Axa SA, a foreign insurer active in Nigeria, sees the peaceful manner in which the country is handling its first transition in political power in decades as supporting economic growth in the country and beyond.
Jean-Laurent Granier, head of Axa’s global property and casualty business commenting on the just concluded presidential election said, “We think that political stability and the respect of democratic rules in this vote can only consolidate development potential in Nigeria and other African countries,”.
A largely peaceful election in which Muhammadu Buhari defeated President Goodluck Jonathan has bolstered investor confidence, he said.
Nigeria’s insurance penetration is about a fifth of the average on the continent and less than a 20th of the level in South Africa, underscoring the opportunity in a country with 177 million people.
“We are not making a political interpretation of this outcome,” Granier said. “This reinforces and confirms our will to grow in Nigeria.”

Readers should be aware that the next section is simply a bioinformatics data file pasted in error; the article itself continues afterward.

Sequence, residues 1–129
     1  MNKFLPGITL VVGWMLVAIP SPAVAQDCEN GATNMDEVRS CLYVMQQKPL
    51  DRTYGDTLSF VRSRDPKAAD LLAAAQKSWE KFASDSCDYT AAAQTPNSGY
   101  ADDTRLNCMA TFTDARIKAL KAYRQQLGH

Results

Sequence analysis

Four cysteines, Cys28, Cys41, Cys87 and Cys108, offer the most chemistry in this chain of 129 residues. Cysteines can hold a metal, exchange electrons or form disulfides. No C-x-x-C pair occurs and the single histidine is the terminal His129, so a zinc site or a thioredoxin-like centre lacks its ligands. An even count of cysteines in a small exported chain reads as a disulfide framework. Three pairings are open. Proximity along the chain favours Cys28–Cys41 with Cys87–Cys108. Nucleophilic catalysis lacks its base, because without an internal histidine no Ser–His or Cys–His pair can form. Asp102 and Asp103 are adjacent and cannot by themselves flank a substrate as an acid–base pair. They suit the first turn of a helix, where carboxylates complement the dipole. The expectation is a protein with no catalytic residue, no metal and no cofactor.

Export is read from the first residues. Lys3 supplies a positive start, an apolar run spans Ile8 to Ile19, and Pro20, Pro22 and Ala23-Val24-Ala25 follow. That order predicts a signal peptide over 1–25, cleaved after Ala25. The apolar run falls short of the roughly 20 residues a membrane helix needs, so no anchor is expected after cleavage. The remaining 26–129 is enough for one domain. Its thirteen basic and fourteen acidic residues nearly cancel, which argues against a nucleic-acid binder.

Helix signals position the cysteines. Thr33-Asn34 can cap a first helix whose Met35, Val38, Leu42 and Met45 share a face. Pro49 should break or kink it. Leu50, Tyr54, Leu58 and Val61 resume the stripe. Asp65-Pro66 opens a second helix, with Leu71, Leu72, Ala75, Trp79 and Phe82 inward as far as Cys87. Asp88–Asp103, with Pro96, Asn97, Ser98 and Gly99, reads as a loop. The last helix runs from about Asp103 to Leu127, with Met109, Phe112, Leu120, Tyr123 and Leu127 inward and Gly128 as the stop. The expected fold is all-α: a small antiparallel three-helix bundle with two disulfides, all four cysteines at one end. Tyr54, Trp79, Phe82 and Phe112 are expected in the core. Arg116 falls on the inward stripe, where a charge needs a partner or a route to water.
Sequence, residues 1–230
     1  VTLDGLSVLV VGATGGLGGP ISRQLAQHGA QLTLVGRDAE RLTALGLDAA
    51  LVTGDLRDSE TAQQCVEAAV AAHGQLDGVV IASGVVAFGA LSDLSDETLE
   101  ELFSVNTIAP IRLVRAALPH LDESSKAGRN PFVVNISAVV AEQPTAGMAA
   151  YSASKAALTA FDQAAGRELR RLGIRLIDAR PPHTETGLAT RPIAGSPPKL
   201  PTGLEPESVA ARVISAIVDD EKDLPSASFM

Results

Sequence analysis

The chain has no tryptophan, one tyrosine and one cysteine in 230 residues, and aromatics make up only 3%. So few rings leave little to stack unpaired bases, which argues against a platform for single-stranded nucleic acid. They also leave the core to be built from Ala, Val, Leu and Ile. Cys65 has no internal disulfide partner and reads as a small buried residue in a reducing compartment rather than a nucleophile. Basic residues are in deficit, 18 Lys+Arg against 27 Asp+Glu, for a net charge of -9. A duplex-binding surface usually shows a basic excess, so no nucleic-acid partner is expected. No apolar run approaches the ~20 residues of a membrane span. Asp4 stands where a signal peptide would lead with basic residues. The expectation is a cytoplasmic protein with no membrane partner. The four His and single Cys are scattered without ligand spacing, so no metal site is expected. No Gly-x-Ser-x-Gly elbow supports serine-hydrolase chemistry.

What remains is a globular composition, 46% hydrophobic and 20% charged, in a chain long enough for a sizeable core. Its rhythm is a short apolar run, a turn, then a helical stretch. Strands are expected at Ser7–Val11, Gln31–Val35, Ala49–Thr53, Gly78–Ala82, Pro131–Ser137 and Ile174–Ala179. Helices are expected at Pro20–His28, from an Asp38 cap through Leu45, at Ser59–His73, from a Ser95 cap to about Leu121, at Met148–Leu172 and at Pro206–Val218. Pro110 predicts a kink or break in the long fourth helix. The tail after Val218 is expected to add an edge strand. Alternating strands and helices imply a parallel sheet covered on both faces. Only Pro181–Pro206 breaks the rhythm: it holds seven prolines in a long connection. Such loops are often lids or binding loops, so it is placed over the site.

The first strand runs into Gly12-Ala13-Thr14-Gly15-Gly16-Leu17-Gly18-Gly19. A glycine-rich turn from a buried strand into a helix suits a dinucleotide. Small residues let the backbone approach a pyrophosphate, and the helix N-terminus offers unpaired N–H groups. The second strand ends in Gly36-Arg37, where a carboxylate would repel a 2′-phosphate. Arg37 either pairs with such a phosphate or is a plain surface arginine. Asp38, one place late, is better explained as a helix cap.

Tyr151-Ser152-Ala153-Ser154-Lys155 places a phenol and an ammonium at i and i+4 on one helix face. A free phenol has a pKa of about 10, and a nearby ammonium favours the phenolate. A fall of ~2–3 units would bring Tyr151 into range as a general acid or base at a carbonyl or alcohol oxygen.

Axa has disposed $9.7 billion of assets in developed markets since 2010 to invest in faster-growing nations, including African markets.
In December, it spent €198 million to buy a majority stake in Mansard, Nigeria’s fourth-largest insurer.
Also last month, Paris-based Axa completed the purchase of a 7.2 percent stake in pan-African reinsurer Africa Re for $61 million.
Insurance penetration in Nigeria, as measured as a percentage of premiums to gross domestic product, was 0.68 percent in 2012, according to a KPMG report in August.
That compares with a 3.5 percent average for Africa and 15.4 percent in South Africa, the continent’s biggest insurance market, according to figures from PriceWaterhouseCoopers in October.
Insurance premiums tend to increase faster than economic growth in Nigeria and African countries, as companies and households adjust their coverage to “catch up” with rising living standards, Granier said.
“The corporate insurance market was first to develop and now the market for individuals is opening,” he said.
Health insurance products sold through corporate or individual policies, car-insurance needs and micro-insurance initiatives are contributing to insurance expansion in Nigeria, as in other fast-growing African markets, he said.